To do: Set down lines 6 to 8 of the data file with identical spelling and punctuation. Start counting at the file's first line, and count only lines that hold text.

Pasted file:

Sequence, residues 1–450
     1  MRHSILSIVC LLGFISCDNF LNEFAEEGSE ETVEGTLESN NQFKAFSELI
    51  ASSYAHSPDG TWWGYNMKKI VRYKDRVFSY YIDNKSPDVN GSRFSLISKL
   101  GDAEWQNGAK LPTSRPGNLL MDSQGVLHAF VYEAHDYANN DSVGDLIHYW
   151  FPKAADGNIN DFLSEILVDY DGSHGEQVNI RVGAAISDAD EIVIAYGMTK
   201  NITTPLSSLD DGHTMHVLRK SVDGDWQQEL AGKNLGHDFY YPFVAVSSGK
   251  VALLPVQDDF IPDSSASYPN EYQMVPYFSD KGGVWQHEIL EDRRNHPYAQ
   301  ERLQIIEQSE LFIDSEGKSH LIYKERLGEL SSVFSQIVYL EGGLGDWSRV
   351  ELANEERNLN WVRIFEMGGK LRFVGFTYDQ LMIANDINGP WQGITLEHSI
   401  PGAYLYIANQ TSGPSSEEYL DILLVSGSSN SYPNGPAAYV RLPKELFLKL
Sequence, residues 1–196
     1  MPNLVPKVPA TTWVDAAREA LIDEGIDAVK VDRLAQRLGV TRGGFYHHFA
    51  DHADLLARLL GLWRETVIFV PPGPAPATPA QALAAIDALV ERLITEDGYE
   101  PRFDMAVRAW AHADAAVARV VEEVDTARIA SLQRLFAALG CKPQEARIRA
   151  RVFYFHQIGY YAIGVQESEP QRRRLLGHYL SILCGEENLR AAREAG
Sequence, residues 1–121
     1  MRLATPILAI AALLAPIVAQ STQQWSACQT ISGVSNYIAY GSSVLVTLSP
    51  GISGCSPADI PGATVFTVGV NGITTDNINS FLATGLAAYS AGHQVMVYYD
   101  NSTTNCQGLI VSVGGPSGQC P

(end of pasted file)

   201  NITTPLSSLD DGHTMHVLRK SVDGDWQQEL AGKNLGHDFY YPFVAVSSGK
   251  VALLPVQDDF IPDSSASYPN EYQMVPYFSD KGGVWQHEIL EDRRNHPYAQ
   301  ERLQIIEQSE LFIDSEGKSH LIYKERLGEL SSVFSQIVYL EGGLGDWSRV